An alert on the PC screen notifies the user that a new order has come in. Automatically, the entire supply chain starts up. In the warehouse, the items are prepared and packaged, ready for shipping out on the next trip. Staff give notice through a simple tablet to carriers, who load up the order and bring it to its destination. Everything takes place swiftly and electronically, with hardly any human involvement.
In recent years, the supply chain sector has witnessed an important technological evolution. Companies have gone from moving thousands of tons of paper each year to a system in which virtually the entire process is performed digitally. The goal? To cut down the number of mistakes and be more efficient, in order to minimize costs and provide data service to customers.
But the paperless revolution goes beyond the electronic interchange of documents such as delivery notes, invoices or order sheets. The new solutions in EDI (Electronic Data Interchange), a technology now widely used in this sector, provide traceability in each phase of the supply chain. This means that you can automatically detect the status of orders. This way, the customer can receive updated information at all times on estimated delivery times. Then, once the order has been received, confirmation is again sent by electronic means.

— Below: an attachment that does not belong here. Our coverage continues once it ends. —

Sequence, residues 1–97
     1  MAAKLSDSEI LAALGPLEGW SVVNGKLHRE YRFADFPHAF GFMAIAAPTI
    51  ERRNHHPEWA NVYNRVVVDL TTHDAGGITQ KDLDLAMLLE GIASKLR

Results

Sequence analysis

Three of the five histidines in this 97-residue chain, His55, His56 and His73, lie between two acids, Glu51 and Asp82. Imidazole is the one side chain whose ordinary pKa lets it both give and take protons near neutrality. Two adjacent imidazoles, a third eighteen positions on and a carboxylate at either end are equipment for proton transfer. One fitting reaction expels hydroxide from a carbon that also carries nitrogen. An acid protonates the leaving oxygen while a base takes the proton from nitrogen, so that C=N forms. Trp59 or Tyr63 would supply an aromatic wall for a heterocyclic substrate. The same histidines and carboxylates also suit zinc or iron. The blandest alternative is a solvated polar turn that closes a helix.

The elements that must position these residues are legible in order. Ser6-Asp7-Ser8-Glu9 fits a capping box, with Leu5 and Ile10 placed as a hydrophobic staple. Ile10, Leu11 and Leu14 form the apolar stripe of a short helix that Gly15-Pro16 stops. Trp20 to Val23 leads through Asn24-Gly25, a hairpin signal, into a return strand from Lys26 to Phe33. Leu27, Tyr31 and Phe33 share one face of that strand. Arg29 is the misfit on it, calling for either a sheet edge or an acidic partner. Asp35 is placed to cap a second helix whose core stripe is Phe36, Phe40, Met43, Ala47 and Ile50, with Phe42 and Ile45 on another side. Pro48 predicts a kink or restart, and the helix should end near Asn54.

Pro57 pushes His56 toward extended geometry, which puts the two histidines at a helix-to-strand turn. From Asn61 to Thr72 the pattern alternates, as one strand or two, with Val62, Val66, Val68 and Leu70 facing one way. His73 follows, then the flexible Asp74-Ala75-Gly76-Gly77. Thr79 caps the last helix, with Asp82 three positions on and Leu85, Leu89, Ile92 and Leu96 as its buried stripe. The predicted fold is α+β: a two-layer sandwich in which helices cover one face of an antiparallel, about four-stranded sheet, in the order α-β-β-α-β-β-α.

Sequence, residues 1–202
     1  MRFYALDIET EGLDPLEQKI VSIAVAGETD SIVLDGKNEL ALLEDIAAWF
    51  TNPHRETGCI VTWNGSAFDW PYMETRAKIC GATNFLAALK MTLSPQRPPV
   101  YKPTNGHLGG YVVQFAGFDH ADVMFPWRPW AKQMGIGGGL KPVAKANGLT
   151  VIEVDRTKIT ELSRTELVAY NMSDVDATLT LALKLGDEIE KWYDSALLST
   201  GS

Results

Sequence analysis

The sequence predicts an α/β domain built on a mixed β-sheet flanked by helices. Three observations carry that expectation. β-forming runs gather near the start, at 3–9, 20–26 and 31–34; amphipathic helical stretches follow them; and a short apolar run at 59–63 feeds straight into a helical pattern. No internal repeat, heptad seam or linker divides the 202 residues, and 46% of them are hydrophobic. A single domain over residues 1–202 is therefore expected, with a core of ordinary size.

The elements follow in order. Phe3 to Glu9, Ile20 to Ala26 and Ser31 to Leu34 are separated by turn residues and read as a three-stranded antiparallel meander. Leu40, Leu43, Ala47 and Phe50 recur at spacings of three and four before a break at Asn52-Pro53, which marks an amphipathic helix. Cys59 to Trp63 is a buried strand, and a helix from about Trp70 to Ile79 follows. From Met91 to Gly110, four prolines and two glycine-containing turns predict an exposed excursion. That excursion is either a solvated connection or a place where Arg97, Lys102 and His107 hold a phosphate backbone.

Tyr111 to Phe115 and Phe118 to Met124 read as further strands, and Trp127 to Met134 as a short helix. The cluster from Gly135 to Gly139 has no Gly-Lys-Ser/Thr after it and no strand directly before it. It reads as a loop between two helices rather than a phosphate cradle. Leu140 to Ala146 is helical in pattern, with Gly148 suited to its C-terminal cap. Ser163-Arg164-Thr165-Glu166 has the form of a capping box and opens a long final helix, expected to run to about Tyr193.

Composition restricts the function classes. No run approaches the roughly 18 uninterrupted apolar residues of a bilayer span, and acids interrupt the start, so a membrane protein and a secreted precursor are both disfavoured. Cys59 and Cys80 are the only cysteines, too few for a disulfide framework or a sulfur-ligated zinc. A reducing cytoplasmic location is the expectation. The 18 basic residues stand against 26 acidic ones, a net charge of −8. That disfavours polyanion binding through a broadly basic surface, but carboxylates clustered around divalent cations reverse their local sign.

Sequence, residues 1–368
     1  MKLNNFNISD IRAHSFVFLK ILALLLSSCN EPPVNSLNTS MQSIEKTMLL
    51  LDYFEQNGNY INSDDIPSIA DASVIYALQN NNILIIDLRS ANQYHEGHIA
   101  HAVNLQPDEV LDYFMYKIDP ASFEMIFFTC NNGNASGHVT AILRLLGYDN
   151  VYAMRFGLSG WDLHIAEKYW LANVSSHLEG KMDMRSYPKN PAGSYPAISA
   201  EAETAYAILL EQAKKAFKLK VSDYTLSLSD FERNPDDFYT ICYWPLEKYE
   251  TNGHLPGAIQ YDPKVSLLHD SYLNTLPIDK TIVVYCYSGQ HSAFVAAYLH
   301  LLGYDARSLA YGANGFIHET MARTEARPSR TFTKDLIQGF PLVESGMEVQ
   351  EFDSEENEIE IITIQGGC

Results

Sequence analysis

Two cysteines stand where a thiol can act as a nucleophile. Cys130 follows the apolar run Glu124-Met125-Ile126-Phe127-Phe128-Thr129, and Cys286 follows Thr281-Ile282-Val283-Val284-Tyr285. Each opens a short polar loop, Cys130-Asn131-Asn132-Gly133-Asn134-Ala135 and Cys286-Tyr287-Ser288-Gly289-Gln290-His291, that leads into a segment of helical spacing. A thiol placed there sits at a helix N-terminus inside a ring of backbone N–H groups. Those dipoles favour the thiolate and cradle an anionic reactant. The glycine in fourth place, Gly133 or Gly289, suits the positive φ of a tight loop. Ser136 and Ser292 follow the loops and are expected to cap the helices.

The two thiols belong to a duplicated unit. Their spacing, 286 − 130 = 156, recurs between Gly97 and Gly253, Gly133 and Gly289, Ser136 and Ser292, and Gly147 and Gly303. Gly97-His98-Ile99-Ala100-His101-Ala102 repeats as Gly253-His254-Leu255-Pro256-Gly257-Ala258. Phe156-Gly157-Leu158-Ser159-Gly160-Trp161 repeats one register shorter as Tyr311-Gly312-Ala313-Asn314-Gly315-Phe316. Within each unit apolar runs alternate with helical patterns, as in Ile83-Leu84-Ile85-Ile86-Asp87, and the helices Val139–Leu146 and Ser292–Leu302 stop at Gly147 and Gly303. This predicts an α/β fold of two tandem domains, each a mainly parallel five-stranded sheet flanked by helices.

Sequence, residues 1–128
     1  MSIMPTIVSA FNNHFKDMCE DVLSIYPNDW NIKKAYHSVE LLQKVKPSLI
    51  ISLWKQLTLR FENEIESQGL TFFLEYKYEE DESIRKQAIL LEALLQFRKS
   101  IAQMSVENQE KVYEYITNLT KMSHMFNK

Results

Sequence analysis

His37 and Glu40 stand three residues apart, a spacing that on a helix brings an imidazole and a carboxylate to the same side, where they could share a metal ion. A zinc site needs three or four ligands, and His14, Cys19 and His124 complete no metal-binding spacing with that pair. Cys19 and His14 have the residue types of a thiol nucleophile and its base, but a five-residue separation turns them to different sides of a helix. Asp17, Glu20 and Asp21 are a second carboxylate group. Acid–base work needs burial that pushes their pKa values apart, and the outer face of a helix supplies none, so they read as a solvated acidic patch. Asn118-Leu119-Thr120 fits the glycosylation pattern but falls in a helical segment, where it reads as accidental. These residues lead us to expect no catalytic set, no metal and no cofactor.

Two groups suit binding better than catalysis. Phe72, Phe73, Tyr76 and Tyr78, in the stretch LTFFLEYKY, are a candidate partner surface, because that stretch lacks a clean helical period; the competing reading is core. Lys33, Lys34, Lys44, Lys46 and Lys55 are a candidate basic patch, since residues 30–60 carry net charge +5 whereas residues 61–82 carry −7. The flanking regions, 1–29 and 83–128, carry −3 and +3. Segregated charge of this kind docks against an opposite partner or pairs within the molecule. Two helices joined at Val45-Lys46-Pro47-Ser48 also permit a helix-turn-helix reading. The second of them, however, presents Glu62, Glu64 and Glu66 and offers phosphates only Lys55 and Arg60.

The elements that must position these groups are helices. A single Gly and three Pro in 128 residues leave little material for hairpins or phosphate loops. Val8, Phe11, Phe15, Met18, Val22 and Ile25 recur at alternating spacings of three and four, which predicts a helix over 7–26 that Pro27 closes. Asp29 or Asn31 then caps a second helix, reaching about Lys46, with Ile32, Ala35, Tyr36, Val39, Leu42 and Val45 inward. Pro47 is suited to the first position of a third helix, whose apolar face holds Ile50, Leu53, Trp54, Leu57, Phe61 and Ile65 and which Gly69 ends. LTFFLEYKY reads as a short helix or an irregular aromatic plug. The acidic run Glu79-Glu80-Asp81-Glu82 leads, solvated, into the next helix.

Traceability is one of the main values provided by the technology in this field. In fact, some customs and tax administrations now require logistics companies to notify goods movements in real time, to improve control over business operations. This is the case of Portugal or Hungary, for example. Moreover, freight communications are also beginning to spread to the aviation sector with the IATA initiatives, designed to automate the exchange of information between freight forwarders, airlines and customs through XML messages.
Implementing technological solutions
Several large logistics companies like DHL, TNT or FCC use EDI solutions in their day-to-day business operations. The evolution of this system now allows a quick start-up and an economic cost that soon pays off. And automation, cutting out errors and less use of paper have led to a drastic reduction in costs.
In addition, thanks to EDI platforms integrated with the ERP, it is no longer necessary to modify internal processes. Staff continue to work with the same system, but with a difference: transactions take place unassisted, quickly and efficiently, which means they can manage large volumes within a short space of time.